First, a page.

Wednesday, June 18, 2014

A Detailed Description of Liberia's Executive Mansion

The Executive Mansion was constructed over a three - year period, from 1960 to 1963. The entire project was designed and supervised by Stanley Engineering Company of Africa; and the Construction Contractor was Liberian Construction Corporation (LCC). The project was officially dedicated on January 3, 1964, the seat of the Executive branch of the Government of the Republic of Liberia. 
The building is an eight-storey horizontal arch-like (semicircular) structure, constructed primarily of reinforced concrete post and lintel system, covering a total area of approximately 26,500 sq. ft. Vertical circulation throughout the building is by means of four major staircases and six elevators. One of the elevators is solely used by the president and visiting dignitaries, another one is used for freight and the rest of the other four elevators are used by the public. 
The Executive Mansion was designed and is being used for four basic functions; the official residence of the President of Liberia, Offices of the President and Staff of the Ministry of State, reception and living accommodations for guest/dignitaries and maintenance/technical sections. The focal point of the building is an elaborate northern and centralized entrance/reception hall of the second floor, which connects the executive parlor, located in the eastern section of the building along with relevant supporting facilities; and to that of other administrative offices, located in the western section.  
The entrance is approached by a bridge-like driveway (semi-circular), which overlooks and engulfs a parade ground in the north and under which lies a reflected pool. A reinforced concrete canopy covers this entrance and bears the seal of the republic of Liberia centralized on its reinforced concrete V-shaped fascia.  Access to the beautifully landscaped, ocean view garden, yard, which is located at the southern side of the building, is also obtained from the above - mentioned hall. 
Very prominent on the exterior walls of the building, running across the northern and southern surfaces is gold colored composite rectangular shaped solar screen, which runs from the second to the seventh floor. These aluminum metal solar screens are divided into several sections by vertical fins from first through eighth floors of the building and are concealed behind the indicated solar screens and fins. The building’s western and eastern exterior end- walls, which also bear concave forms are finished with mosaic tiles.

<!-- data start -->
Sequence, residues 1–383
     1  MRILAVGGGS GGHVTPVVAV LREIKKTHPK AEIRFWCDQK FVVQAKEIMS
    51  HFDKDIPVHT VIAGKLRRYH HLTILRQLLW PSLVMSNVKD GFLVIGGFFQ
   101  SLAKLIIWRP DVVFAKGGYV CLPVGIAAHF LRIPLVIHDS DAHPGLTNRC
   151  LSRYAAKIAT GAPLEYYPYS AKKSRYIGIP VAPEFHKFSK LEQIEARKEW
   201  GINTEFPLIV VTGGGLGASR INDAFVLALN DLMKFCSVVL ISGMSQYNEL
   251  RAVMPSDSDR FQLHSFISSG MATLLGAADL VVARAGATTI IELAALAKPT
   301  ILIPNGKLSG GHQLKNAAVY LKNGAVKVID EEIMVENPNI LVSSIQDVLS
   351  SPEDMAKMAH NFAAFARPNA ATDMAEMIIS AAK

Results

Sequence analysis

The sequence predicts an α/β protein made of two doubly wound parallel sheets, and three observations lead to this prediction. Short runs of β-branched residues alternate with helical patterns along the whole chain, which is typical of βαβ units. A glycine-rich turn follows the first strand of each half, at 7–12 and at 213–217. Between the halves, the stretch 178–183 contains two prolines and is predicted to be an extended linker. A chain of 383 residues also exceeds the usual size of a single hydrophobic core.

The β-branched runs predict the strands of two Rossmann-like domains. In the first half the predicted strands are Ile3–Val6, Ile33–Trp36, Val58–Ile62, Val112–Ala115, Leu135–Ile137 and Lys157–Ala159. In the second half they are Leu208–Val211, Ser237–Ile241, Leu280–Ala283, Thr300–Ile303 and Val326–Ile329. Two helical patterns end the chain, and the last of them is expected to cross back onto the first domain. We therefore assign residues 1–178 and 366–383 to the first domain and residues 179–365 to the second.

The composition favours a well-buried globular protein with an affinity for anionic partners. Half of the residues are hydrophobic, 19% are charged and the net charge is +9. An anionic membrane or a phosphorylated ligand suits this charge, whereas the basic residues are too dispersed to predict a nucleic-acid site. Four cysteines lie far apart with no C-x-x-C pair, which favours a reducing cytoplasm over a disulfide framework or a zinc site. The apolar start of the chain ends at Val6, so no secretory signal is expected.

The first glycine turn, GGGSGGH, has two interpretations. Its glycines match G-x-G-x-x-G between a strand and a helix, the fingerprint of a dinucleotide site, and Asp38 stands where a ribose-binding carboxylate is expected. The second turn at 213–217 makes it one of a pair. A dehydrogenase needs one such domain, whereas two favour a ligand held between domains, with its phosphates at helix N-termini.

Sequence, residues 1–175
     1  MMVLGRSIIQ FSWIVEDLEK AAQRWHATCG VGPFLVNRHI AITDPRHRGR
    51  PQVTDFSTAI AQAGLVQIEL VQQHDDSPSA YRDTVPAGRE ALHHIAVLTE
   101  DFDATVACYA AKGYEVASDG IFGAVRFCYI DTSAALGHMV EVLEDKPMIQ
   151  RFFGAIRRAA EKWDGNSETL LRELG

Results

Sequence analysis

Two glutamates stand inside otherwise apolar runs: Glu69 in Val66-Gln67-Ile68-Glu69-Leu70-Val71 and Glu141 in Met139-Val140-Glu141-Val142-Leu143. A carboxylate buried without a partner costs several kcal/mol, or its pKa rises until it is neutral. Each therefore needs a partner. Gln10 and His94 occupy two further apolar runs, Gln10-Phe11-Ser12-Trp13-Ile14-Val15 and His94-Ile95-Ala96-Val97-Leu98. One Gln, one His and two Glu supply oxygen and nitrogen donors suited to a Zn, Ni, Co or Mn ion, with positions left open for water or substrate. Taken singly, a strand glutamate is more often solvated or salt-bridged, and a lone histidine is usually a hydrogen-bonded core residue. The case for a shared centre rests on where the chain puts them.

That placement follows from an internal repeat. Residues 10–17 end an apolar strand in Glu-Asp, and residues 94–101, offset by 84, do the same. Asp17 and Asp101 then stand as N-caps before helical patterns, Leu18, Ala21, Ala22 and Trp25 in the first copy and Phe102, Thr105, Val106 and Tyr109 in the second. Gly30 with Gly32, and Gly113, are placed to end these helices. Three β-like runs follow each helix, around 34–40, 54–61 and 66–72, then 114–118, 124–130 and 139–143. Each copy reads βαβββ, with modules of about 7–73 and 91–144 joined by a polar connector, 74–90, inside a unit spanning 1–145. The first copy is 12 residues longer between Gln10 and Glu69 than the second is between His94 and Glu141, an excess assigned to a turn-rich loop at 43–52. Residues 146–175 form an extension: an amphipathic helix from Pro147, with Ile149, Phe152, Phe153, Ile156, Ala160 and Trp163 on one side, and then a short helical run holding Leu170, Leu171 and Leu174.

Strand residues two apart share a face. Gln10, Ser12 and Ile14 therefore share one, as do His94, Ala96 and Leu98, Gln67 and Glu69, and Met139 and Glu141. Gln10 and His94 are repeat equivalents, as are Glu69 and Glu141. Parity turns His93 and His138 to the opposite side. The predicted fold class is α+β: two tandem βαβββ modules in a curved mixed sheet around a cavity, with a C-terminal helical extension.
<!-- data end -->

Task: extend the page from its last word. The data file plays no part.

Since the completion of construction works on the Executive Mansion in 1963, there had been two major rehabilitation works executed on the composite building elements/systems. Additionally, it is worth noting that the first renovation/rehabilitation of works was executed during the 1988 /89 under the reign of the late President Samuel K. Doe.  The second renovation work was executed during the tenure of former President Charles G. Taylor in the year 1997-1998. Since the indicated period, there has been no other renovation & rehabilitation of the building element system. 
The Executive Mansion was gutted by fire during Liberia's 159th Independence Anniversary celebration on July 26, 2006. Following the outbreak, the government of Liberia announced its closure pending renovation work. President Sirleaf relocated to the Ministry of Foreign Affairs, where she has been performing official State functions. The eight-storey building was constructed in 1964 during the tenure of Liberia's 18th President, William V. S. Tubman, Sr.

This wonderful, detailed description of the Executive Mansion is from this less-than-uplifting article regarding the current state of affairs of the official residence of the President of Liberia (What's even less encouraging are the excoriating comments underneath the article on

It will sound terribly unfair to the journalist, but I am almost tempted to conclude that the above-description was lifted from another text, so different and lucidly accomplished it is from the rest of the article, and how abruptly the article transitions from a rough and excitable j'accuse to a technically proficient architectural description. I have never encountered such a detailed accounting of the building's history, and there are a dozen details and facts here that I didn't know before. Of course, being off-limits to the public, I've never toured the building. But a simple internet word search does not come up with a duplicate of this passage, so perhaps it is original to the FPA journalist.

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